"Do you think this a grand joke?" The Guardian narrowed his eyes. Oh, definitely mad. Maybe even furious.

"The situation, no. Your face, yes." He sat on the edge of the bed and crossed his arms, enjoying the red rising in the other man's cheeks.

Sid snatched the glasses before Damian reacted. "Let me see them." She turned them around in her hands, then raised them above her and squinted. A few deft movements and she'd made some adjustments and perched them back on Damian's nose. All straight. "There you go."

The woman was an enigma wrapped up in a riddle. He'd been sure he hooked her with that kiss, and then she'd knocked him upside the head with a book.

Well, he had almost strangled the life out of Damian. But he wouldn't have, truly. He just wanted the man to pass out so he could get the bag. Death and violence were under the blink's purview. Though now that he thought about it, he wasn't sure how he'd become a hero for Turss if he didn't get his hands dirty. Unfortunately, his method of getting dirty included flowerbeds.

Maybe he'd bitten off more than he could chew by coming here. Right now, all he wanted to do was return home and listen to the call of the gate.

"Thank you." Damian sounded tentative, and he took a step back. "Now, I hate to do this, but I don't have a choice. Obsidian, can I trust you to watch Bishop and keep your hands to yourself?"

She frowned. "Don't worry, last thing I want to do is touch him again. Biggest life regret."

The Guardian's eyebrow rose slowly. "Are you sure about that? Opening a gate should top your list."

"Hey, that was compulsion, remember?"

"Perhaps not handing over the portal book whenever and wherever you first found it?"

"Enough." Sid stomped over to the desk and sat down. "I get it. You're mad." She offered a withering stare. "Go. And you better hurry or I might do something else crazy." Her arms shot up, and she waggled her fingers above her head.

Damian rolled his eyes. "I'll be back with food. If he tries to escape, whack him on the head with another book." Then he slipped out and slammed the door.

Good riddance. Bishop turned his attention to Sid. "About time he left."

"Wipe that stupid grin off your face." She rose and ran a finger along the books on the shelves until she pulled one down. "This one has some nice heft."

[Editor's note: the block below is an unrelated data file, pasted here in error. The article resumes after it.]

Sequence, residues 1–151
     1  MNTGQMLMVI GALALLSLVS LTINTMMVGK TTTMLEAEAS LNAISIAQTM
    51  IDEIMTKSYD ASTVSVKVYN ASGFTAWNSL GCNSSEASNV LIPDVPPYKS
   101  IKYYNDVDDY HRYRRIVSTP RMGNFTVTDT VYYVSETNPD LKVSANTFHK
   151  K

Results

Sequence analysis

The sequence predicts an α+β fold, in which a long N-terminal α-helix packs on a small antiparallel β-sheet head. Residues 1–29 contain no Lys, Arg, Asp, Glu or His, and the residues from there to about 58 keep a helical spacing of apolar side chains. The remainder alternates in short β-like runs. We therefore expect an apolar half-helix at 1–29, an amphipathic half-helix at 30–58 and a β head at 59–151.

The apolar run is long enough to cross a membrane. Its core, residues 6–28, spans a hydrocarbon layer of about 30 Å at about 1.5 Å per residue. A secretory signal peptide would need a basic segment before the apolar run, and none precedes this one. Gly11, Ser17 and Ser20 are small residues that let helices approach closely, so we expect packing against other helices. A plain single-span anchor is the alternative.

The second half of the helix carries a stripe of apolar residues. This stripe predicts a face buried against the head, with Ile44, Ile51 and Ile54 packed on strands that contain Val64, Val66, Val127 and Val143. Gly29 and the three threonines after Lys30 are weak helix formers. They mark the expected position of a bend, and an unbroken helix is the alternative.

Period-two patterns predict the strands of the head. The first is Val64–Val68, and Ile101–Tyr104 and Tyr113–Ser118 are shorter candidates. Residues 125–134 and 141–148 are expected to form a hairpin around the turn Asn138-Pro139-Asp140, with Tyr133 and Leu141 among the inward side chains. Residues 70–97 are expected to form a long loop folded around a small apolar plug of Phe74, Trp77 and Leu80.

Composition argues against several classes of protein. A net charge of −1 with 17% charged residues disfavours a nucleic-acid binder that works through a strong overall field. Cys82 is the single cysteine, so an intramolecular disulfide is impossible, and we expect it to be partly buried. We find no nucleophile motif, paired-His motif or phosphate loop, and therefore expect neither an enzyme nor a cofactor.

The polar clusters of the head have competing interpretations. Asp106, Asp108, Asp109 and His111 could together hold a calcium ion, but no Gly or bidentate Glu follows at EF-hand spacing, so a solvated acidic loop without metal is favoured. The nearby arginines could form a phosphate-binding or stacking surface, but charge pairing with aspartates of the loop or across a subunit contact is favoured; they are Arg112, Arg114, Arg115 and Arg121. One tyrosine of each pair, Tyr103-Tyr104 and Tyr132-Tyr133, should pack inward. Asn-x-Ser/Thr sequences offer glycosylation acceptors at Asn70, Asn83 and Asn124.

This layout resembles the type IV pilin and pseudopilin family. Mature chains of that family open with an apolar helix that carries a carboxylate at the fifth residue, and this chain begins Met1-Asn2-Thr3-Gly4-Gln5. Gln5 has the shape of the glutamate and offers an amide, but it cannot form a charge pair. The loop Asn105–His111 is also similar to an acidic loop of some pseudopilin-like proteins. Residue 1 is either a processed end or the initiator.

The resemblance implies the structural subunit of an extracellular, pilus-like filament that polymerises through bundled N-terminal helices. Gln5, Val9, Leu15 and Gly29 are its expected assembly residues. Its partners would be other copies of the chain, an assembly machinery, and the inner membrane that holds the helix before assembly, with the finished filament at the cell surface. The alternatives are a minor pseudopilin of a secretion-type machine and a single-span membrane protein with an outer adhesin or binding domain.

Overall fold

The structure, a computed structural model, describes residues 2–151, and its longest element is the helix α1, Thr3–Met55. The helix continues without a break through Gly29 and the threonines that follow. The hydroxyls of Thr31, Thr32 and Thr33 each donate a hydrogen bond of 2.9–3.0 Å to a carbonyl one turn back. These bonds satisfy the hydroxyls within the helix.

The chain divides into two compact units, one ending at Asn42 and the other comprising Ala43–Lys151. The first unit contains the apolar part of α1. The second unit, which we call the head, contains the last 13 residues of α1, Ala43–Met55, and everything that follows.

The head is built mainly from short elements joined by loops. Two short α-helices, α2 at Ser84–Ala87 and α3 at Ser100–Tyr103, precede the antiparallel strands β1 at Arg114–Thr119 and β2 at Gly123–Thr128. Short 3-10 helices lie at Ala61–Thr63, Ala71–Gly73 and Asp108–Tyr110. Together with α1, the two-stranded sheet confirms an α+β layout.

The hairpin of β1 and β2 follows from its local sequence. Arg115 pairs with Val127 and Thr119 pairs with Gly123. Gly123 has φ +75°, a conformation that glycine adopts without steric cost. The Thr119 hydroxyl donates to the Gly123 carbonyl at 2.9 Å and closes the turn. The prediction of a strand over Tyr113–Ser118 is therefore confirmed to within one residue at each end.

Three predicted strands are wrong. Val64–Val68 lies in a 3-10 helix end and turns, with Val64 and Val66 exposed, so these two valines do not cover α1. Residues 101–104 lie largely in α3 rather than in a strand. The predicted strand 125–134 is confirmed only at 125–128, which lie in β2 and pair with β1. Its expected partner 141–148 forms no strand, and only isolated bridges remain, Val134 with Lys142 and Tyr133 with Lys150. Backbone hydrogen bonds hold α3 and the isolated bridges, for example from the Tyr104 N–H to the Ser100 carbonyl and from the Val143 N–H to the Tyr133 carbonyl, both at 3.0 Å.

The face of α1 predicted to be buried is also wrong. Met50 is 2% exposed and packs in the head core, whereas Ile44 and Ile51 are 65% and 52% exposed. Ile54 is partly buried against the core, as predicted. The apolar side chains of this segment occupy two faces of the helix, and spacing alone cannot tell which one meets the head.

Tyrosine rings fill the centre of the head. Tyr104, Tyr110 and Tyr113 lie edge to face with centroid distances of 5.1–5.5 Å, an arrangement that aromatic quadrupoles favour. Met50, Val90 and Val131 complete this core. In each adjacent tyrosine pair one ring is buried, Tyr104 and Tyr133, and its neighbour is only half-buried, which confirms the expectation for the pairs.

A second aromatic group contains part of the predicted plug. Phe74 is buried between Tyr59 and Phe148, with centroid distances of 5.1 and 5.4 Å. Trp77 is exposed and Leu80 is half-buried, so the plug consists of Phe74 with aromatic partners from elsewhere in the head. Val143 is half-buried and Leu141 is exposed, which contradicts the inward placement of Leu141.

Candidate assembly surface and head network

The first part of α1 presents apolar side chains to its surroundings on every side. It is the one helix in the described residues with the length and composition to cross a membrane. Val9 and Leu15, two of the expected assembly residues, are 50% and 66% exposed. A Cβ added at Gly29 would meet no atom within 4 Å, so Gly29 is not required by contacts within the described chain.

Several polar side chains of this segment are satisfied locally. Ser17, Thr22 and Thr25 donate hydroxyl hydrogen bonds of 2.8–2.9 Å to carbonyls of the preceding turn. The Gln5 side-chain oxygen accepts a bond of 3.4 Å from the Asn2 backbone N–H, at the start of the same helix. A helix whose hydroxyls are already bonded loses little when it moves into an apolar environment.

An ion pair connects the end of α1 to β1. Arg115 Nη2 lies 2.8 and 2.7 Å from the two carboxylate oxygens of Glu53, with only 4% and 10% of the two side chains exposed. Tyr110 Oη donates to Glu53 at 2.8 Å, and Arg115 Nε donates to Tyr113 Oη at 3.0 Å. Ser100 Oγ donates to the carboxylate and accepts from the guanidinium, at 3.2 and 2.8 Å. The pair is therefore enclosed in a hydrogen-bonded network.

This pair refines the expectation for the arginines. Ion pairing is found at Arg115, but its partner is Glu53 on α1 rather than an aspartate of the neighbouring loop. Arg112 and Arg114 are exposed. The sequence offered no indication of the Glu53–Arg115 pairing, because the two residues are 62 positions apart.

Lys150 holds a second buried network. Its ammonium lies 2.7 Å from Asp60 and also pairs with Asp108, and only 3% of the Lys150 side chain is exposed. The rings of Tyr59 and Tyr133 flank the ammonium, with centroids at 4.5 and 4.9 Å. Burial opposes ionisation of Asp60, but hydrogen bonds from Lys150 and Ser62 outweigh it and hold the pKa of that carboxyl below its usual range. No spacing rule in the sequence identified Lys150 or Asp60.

"Seriously? What about the kiss?"

"As I said before, a mistake." She sat back down with the book in her lap and tilted her head. "I lost focus after you saved me. But now I see you only did that to get what you wanted."

She might only be a dedicant, but Bishop saw the heart of a Guardian in her. "I wouldn't have killed him."

"You're rotten, you know that? You have utter contempt for the Guardians, yet you're no better. Willing to do whatever it takes to benefit you and not thinking of anyone else. Damian might be rigid, but he doesn't deserve to be attacked. He could have done any number of things at this point to settle his life and destroy both of ours." She turned to the desktop and gingerly touched a fountain pen, her voice dropping to a whisper. "And he hasn't."

Bishop faltered, originally ready to deliver another smooth and reassuring line in an attempt to convince her that the kiss wasn't a mere manipulation. And now he felt as rotten as Sid claimed him to be.

She was right. Everything he'd done had been with his own goals in mind. Though he aimed to help his world, he also wanted his own name to go down in history as a hero, a savior. He'd been just as selfish as the Guardians who'd abandoned Turss all those centuries ago.

"I'm sorry." The words were difficult to say, but sincere.

Sid spun back to him. "If you mean it, you should say it to Damian."

Unlikely. He still hated the Guardian.

But Bishop suddenly felt lost, his hate for the Guardians the only thing for him to hold onto. He shouldn't be in this world -- the Nexus. This whole reconnaissance plan was out of his wheelhouse. He'd been trained to sense the magic of the gate, to read the script, and to waylay the Guardians if they ever crossed through again.

No wonder Sid hadn't fallen for his act with the kiss. He sucked at all of this.

Bishop buried his face in his hands. "What in the All-Seeing Eye have I gotten myself into?"

Sid sat next to him on the bed and rested a hand on his back. "Well, let's just hope Damian can help us figure a way out of this."

Her hand was a comfort, and he felt miserable for trying to use her before, using a kiss as a weapon. Though she had the potential of a Guardian, her heart seemed softer, more willing to accept situations and people for what they were, not condemning them for not meeting her expectations or following her rules.

Bishop gazed at her, the urge to kiss her again tempting, but for real this time.

Then Damian opened the door and she scooted away.

The loss of her touch caused an ache in the pit of his stomach. No, that was just hunger. It had to be. Because if it wasn't, he'd need to question his loyalties to Turss. And helping his world was all that mattered.

* * * * *

Chapter 24